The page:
World's Worst Mom TV Host Makes Dubious Claims About Florida Free-Range Parents

Did a kid get put in foster care for playing basketball alone?
Did a kid get put in foster care for playing basketball alone?
Photo via Håkan Dahlström

Yesterday, a story went viral on the internet. Its headline: "11-Year-Old Boy Played in His Yard. CPS [Child Protective Services] Took Him, Felony Charge for Parents." The story, published on, said that a Florida mom's kids were taken away because she let her 11-year-old play in the yard unsupervised. It purported to contain an interview with the Florida mom. But critics are now questioning the veracity of the story, which gives few concrete details and is written by a woman who stands to gain from interest in free-range parenting. 

Lenore Skenazy wrote the article. She is host of the reality show World's Worst Mom, which airs on the Discovery Life channel. In it, she goes to homes Supernanny-style and encourages parents to let go and allow their children more freedom. She is also the writer behind the “Free-Range Kids” movement, which advocates for giving kids more space and freedom to roam instead of constant surveillance and supervision.

But media folks aren't buying her story, because no names were given – not even the name of the city where it happened.

Jim Romenesko, a popular media blogger, posted this on Facebook:

Pennsylvania journalist Rich Jackson writes in an email:
"I call bullshit on this story. I asked the author [Lenore Skenazy] for any information, names, locations, that would allow me to verify it independently. She said she couldn't even name the city because the mother might lose her job."

When New Times asked Skenazy about the doubt, she replied, “I don't know why anybody would think I made this up.”

As for the identity of the people in the story and the city it took place in, Skenazy said that couldn't be disclosed because the mother might lose her job.

Read the whole story here, but here's a brief rundown:

One afternoon this past April, a Florida mom and dad I'll call Cindy and Fred could not get home in time to let their 11-year-old son into the house. The boy didn't have a key, so he played basketball in the yard. He was alone for 90 minutes. A neighbor called the cops, and when the parents arrived—having been delayed by traffic and rain—they were arrested for negligence. 

Skenazy wrote that the parents were eventually charged with a third-degree felony. They were accused of leaving their child without food (even though he had eaten some snacks), water (there was a hose), and a bathroom. She wrote that the parents were strip-searched and the children were handed over to a relative who didn't want them, until in court, the 11-year-old convinced a judge to put him and his 4-year-old sibling back in the custody of his parents (because of course he preferred the free-range parenting).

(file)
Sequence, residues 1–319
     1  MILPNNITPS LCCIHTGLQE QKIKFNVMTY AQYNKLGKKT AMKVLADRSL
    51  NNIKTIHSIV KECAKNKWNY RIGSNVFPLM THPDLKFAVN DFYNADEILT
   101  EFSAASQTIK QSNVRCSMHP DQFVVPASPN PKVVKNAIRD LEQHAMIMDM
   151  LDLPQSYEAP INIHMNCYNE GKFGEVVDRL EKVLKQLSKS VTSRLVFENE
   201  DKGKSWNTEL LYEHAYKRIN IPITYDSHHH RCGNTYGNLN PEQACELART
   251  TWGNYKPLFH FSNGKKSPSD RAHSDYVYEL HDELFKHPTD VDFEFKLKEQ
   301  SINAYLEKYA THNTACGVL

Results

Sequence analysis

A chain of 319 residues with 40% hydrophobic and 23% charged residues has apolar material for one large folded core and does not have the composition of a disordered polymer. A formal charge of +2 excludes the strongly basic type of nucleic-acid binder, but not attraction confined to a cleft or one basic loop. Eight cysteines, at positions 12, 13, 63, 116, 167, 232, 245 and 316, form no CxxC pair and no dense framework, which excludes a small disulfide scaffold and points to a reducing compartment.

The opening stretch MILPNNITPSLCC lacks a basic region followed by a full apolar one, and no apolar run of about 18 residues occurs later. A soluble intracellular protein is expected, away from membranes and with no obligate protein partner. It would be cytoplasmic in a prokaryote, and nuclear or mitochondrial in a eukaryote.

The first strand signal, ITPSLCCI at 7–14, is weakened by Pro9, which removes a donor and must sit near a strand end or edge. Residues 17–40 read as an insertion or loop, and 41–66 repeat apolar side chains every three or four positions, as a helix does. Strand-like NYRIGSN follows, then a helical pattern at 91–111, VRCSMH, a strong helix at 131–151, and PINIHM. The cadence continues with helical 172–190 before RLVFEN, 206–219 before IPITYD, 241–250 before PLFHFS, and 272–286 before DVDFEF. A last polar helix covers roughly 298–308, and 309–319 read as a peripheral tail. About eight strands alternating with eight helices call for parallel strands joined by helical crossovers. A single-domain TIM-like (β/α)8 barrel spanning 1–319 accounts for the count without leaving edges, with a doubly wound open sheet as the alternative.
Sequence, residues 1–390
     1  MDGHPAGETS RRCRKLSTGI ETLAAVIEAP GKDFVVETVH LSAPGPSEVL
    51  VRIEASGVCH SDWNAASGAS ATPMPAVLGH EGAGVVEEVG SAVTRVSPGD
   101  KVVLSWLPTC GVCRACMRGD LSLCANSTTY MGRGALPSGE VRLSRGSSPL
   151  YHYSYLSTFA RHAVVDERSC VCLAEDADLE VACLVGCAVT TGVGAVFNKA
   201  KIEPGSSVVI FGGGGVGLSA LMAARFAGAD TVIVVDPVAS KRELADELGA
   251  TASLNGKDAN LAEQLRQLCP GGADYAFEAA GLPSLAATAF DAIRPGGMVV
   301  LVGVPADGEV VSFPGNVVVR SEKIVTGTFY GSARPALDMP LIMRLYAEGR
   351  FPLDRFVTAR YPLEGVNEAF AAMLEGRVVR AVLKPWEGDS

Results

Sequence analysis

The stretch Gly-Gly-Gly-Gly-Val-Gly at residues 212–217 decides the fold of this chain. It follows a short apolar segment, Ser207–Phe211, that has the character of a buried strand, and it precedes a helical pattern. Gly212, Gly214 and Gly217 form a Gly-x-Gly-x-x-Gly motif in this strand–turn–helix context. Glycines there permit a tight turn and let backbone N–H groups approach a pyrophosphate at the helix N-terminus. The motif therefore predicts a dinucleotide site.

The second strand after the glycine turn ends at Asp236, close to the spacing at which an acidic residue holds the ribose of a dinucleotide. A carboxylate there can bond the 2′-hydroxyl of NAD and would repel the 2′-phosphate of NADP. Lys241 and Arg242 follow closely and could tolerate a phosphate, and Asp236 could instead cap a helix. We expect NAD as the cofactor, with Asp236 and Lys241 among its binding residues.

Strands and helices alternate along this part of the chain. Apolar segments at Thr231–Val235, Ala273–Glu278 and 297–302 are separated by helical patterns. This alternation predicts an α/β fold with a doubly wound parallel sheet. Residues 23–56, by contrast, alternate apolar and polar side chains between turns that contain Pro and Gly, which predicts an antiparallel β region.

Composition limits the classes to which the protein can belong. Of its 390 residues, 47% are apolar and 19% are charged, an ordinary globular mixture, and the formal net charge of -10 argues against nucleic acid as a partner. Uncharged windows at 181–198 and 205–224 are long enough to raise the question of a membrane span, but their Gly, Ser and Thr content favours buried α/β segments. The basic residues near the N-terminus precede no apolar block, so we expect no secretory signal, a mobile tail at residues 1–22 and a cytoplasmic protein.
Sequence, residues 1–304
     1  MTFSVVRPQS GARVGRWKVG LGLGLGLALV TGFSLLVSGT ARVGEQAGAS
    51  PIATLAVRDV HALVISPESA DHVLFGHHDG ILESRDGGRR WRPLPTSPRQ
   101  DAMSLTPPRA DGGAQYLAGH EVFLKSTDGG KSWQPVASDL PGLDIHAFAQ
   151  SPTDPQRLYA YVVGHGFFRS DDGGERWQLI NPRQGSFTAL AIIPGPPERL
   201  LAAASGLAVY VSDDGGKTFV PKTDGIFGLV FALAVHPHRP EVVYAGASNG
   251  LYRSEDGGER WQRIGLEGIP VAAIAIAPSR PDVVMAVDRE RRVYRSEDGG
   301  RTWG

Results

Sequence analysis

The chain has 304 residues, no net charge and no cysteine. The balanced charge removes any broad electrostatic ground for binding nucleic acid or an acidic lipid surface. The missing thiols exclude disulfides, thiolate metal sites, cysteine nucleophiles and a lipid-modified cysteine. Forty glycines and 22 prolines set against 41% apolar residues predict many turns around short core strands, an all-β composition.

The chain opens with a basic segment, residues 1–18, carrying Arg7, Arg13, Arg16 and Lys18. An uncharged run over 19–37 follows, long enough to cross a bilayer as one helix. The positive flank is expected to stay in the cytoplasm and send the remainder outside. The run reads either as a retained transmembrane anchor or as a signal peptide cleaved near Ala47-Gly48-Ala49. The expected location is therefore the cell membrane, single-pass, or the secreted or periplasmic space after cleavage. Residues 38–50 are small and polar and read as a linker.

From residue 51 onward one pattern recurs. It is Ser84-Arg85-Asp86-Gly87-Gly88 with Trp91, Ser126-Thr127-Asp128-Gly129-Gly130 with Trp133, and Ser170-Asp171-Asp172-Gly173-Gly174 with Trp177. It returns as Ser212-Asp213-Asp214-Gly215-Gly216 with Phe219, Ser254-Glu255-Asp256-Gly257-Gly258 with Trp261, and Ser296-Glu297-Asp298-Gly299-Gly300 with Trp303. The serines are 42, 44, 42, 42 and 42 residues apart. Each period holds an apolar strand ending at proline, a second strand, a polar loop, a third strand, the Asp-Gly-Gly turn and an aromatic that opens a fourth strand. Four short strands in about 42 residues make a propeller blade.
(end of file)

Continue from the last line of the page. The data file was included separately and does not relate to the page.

All this sounds like similar shocking stories that have made the news recently. But because Skenazy — a former New York Daily News columnist who wrote a book about her parenting philosophy and has a reality-TV show called World's Worst Mom — didn't provide any specifics about the people supposedly involved or where this incident allegedly took place, some media folks got suspicious.

That's when Romenesko posted this on Facebook, which followed with many comments doubting Skenazy's Florida couple story.

New Times notes several flaws in her story: She uses the acronym CPS. In Florida, the agency that oversees child abuse allegations and foster homes is called the Department of Children and Families (DCF). She bizarrely claims that parents were not allowed to cross a county line because they had been charged with a felony. She also claims that there were charges in both civil and criminal court —- which makes little sense, as child neglect would typically be treated as a criminal offense. 

Skenazy tells us that she's not surprised people doubt her story because it's ridiculous – that's why she wrote about it. But she stands by the truthfulness.

“I don't blame people for having their jaws dropped when they read something like this because it seems so incredibly outrageous and Kafka-esque,” she said. “And we all know CPS exists to save children from extreme harm, not from a bad day when a parent couldn't get home in time and the child is playing basketball.”

Nonetheless, she is adamant about not releasing any information about the parents who claim they were treated poorly by authorities. Even the Florida city this allegedly happened in is off-limits because the supposed mother in question feels her job might be in danger if word gets out, Skenazy claims.

"[The mother] thinks that, and I believe her based on what she said,” explained Skenazy.

However, the “Free Range Kids” advocate says she'll prove the story is real. Late last night, Skenazy promised she would post court documents online to prove her story – as soon as she redacted the personal info and got the go-ahead from the mother..

At the time of this posting, those documents have not been posted.

Meanwhile, the story on Reason has 57,000 Facebook shares.

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